Law allows for up to $22,500 in tax deductions for college students
A trio of tax breaks for college students and their families went into effect with the start of the new year.
The programs, enacted under a bill signed into law last year, allow New Jerseyans with annual household incomes of $200,000 or less to deduct up to $22,500 from their state income tax bills.
“There’s been lots of talk about making New Jersey more affordable and grappling with what that means and being relevant for families in New Jersey moving forward,” Assembly Speaker Craig Coughlin (D-Middlesex), who sponsored the bill, said Thursday. “I’m glad that we’re continuing to take steps to address what has been one of the biggest barriers — perhaps the biggest barrier — to students obtaining a degree, and that’s cost.”
Nearly 13% of New Jersey residents owe debt on federal student loans, with an average outstanding balance of $35,600, according to the U.S. Department of Education. That figure does not include debt from private loans or ones offered through the state.
The first deduction allows eligible New Jerseyans to deduct up to $10,000 in in-state tuition payments. Tuition payments made using private and public student loans do not qualify for the deduction.
Residents can also deduct up to $2,500 in payments to student loans offered through the New Jersey College Loans to Assist State Students (NJ CLASS) program.
Awards through the supplemental loan program, administered by the New Jersey Higher Education Student Assistance Authority, generally carry lower interest rates than supplemental federal and private loans. Borrowers must take direct federal loans before using NJ CLASS.
The third deduction Coughlin highlighted Thursday allows residents to deduct up to $10,000 in contributions to a New Jersey Better Educational Savings Trust (NJ BEST) account. Students and their families can use the tax-advantaged 529 savings accounts to pay tuition and loan expenses.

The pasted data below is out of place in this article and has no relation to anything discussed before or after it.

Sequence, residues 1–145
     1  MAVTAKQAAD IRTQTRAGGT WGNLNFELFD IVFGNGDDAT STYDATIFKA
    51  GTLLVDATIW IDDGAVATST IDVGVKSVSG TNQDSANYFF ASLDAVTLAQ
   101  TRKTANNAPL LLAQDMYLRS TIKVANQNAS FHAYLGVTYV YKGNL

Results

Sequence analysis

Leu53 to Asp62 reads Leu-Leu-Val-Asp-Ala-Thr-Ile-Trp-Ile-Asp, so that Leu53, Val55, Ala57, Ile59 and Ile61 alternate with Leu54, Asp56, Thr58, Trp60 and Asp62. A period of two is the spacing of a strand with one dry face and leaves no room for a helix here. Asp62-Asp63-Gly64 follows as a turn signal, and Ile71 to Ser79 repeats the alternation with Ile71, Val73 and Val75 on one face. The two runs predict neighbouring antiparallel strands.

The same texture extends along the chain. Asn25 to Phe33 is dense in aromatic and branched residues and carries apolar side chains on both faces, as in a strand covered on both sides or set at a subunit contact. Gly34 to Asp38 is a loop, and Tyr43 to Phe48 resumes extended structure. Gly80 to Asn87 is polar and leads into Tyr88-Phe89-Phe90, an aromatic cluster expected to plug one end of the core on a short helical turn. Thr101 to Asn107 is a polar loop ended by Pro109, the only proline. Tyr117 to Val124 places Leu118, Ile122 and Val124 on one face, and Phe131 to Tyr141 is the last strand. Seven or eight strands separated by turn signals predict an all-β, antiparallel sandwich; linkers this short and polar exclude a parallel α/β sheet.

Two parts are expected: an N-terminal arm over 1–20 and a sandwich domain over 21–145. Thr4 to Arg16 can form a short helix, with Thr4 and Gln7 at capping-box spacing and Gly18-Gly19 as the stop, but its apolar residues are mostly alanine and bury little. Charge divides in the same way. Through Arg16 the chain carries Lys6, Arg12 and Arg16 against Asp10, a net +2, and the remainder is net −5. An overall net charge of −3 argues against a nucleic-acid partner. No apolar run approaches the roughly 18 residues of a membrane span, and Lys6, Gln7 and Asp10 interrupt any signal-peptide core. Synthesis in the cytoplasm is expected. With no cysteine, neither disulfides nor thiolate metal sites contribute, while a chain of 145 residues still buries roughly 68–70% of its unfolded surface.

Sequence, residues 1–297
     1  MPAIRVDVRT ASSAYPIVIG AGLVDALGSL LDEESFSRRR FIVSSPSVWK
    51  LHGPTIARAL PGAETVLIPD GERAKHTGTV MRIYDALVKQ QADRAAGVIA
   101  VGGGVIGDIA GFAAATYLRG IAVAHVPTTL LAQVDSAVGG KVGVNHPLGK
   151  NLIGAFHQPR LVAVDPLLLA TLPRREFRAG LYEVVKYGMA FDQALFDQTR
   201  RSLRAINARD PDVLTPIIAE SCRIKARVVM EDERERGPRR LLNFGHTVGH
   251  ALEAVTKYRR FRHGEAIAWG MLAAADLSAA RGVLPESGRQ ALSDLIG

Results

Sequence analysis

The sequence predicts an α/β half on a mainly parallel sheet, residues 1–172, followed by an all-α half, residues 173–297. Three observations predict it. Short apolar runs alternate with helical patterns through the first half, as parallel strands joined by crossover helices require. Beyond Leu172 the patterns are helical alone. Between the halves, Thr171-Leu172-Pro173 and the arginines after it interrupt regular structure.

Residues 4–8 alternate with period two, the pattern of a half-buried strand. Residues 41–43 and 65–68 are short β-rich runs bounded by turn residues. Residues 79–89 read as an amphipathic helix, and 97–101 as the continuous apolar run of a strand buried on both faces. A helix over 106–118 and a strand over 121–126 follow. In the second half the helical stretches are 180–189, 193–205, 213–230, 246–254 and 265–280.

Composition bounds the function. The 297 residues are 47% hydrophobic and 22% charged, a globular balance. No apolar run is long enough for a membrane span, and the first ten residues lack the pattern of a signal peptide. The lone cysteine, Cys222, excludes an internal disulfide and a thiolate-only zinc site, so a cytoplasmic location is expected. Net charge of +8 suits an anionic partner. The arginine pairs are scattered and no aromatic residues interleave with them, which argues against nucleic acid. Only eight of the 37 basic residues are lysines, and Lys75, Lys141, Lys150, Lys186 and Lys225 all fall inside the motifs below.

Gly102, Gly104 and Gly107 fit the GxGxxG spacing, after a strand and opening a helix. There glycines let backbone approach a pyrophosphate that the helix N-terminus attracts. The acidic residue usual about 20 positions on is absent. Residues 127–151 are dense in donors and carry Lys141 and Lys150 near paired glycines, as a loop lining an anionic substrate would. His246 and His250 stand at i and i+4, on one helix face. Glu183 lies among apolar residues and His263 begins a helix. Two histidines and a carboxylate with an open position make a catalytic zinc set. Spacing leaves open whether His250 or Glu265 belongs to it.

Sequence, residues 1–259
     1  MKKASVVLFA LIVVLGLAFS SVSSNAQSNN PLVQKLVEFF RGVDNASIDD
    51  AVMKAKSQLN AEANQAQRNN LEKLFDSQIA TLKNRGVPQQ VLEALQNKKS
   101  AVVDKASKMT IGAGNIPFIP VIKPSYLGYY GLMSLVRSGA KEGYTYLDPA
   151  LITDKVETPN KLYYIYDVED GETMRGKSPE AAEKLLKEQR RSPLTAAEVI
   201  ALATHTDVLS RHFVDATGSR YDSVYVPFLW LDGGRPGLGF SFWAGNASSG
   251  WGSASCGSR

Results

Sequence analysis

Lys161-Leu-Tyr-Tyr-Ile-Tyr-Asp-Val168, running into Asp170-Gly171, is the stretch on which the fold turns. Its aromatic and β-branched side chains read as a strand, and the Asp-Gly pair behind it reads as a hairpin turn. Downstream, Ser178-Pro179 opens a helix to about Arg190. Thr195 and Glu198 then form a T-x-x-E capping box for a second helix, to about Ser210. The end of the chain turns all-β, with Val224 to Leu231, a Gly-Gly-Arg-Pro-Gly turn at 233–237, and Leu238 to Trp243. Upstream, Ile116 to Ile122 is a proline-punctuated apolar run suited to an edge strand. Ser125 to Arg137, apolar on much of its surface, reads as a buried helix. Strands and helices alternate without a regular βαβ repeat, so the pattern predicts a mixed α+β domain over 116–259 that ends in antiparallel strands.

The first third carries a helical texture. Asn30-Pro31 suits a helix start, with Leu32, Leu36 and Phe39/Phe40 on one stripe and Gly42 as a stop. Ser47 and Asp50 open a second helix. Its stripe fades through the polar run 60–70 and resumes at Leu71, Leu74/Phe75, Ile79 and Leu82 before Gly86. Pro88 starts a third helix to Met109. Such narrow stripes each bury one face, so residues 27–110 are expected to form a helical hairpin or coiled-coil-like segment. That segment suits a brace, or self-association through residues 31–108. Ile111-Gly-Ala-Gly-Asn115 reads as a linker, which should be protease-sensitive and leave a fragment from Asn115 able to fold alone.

The law also provides a maximum of $750 in matching funds for initial deposits into newly created NJ BEST accounts for taxpayers who earn up to $75,000.
“We have this 529 savings plan for our grandchildren because we cannot imagine a more valuable or enduring gift,” said Assemblywoman Mila Jasey (D-Essex), who chairs the chamber’s higher education committee. “We know they’d rather have Barbies and (Matchbox) cars, not to mention Nintendo Switches, but they will thank us later, and their parents will be happy it’s not Play-Doh.”
Filers won’t see savings from the deductions until they submit their tax bills in April 2023, though matching funds for initial NJ BEST deposits are available now.
The bill won unanimous passage in both chambers and was signed into law by Gov. Phil Murphy in June.
The Office of Legislative Services last year projected the deductions would cost the state between $87.2 million and $105.9 million in lost revenue per year, with an additional one-time $10 million cost in the current fiscal year for matching deposits into NJ BEST accounts.
“We’re here from the government to help,” Coughlin said. “Children and parents deserve our support to reach their potential socially, economically — to achieve their dreams.”